Georgia Pacific (GP) in Toledo has just released the results of a recent survey of their paper mill’s effluent that is discharged three-quarters of a mile offshore from Nye Beach. GP officials say it shows they are not damaging the ocean environment and that DEQ has extended their discharge permit administratively.
The study was commissioned by GP and conducted by international engineering firm CH2M Hill. The million dollar “plus” analysis was conducted over a series of months not only at the effluent pipe mixing zone, but as far north as Beverly Beach and as far south as south South Beach. A total of 15 samples sites were tested for the effluent’s effects on water quality and the ocean food chain. In every test GP says test results showed GP’s effects on the sea environment is well below any threshold of concern as established by the Oregon Department of Environmental Quality (DEQ).
In ocean floor sediment samples, GP reports that there are no detectible levels of phenols or cyanide and that metals levels are well below screening criteria at South Beach, South Yaquina, and North Yaquina testing areas. Levels of silver, arsenic, cadmium, chromium, copper, mercury, nickel, lead, selenium, tin and zinc were all at tiny fractions of any level that DEQ would consider “of concern.”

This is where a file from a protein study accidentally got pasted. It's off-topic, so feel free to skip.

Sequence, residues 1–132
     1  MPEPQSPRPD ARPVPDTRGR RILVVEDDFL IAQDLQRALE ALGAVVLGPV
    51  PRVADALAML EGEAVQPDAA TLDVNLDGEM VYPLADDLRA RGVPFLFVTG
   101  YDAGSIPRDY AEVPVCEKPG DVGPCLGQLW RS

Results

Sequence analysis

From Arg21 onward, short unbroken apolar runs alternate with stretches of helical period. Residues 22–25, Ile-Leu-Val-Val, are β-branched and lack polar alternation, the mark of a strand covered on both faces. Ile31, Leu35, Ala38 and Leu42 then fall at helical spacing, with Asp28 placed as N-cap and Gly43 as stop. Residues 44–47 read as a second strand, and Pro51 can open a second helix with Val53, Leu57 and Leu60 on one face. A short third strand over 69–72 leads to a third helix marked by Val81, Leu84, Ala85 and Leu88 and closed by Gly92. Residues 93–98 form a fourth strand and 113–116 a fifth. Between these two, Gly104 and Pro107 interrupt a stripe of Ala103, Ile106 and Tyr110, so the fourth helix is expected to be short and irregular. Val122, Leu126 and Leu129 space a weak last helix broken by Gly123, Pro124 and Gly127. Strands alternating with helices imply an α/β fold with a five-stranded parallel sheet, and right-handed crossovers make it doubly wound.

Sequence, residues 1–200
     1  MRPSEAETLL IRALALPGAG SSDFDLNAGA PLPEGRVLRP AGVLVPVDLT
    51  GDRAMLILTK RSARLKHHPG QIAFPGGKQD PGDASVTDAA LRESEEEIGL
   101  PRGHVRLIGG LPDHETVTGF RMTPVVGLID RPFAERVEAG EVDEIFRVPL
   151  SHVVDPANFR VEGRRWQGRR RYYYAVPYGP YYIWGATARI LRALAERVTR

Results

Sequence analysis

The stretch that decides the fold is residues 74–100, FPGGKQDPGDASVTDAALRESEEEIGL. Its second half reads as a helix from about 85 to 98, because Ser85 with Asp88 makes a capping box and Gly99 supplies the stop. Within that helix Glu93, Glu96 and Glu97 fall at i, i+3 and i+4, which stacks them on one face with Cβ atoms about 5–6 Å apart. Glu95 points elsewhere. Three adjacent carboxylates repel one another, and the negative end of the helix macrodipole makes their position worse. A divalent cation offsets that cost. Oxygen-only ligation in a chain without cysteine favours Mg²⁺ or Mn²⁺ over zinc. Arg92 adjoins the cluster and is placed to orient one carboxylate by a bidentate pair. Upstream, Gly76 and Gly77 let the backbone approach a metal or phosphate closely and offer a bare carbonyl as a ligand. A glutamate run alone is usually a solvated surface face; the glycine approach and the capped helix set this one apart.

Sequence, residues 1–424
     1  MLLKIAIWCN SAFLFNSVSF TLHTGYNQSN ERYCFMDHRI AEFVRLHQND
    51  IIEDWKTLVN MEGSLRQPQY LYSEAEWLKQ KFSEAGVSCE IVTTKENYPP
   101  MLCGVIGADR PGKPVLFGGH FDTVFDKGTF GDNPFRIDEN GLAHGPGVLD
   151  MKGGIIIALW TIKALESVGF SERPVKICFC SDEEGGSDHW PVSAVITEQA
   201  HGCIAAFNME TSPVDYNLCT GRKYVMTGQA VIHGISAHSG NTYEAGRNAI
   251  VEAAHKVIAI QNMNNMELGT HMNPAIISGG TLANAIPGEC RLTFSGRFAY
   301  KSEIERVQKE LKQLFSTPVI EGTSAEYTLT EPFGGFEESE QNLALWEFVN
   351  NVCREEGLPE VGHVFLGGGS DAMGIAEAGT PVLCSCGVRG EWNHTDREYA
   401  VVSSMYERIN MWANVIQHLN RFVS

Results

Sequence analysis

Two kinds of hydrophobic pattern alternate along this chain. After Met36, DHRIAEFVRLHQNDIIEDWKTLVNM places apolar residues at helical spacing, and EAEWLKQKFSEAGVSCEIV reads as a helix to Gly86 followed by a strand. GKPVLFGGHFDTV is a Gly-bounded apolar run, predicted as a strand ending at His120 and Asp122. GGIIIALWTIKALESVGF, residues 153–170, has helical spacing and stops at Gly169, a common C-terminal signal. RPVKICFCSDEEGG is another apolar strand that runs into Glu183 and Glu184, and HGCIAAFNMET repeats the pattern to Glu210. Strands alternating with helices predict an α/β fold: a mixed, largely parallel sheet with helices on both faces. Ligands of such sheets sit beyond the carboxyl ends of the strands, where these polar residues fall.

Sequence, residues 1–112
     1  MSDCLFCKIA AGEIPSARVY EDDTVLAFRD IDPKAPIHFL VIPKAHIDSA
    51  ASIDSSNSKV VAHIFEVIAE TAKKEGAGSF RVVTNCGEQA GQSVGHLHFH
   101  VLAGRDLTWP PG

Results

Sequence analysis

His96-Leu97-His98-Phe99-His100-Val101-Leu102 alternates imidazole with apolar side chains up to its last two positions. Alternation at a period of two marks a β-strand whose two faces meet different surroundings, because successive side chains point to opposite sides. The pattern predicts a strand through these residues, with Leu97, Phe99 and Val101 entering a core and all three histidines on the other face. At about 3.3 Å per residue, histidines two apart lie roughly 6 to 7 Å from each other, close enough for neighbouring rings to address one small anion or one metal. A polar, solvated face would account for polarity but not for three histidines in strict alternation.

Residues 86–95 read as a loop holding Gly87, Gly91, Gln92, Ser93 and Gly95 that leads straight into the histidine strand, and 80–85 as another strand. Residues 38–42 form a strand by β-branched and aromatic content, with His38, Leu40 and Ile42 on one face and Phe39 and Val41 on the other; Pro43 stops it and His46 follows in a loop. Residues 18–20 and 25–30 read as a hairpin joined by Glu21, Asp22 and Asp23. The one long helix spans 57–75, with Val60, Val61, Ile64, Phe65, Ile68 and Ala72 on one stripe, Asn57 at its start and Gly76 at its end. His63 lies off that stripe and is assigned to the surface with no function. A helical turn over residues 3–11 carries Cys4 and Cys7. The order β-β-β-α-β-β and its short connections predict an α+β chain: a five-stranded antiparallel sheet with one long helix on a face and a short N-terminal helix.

GP also reports that the abundance of what are called Benthic Infauna (bottom of the food chain fish food) appears to be unaffected by the effluent as well as its infauna richness and diversity.
As for water quality measures, GP’s study shows their effluent having little effect on temperature, salinity, water density, dissolved oxygen, or turbidity. However, when tested for how clear the water was near the effluent outfall, the survey showed that there is noticeable clouding of the water from a depth of three feet down to around 15 to 20 feet.
Across all water quality samples taken test results showed very minute traces of silver, arsenic, cadmium, chromium, copper, mercury, nickel, lead, selenium, tin and zinc; all well below any levels “of concern.” However, the presence of cyanide in water samples showed levels reaching a third of the level that would be “of concern” right at the mouth of the effluent pipe. But the cyanide level drops off to what appears to be ambient levels at all other water sample sites from Beverly Beach down to the southerly part of South Beach.
When contacted by News Lincoln County, a top DEQ official said that the survey results were carefully scrutinized by DEQ experts and that based on their findings DEQ has administratively extended GP’s discharge permit. They say they will be revisiting the GP operations in the near future to do a more comprehensive analysis of as part of their discharge permit review that is scheduled every five years.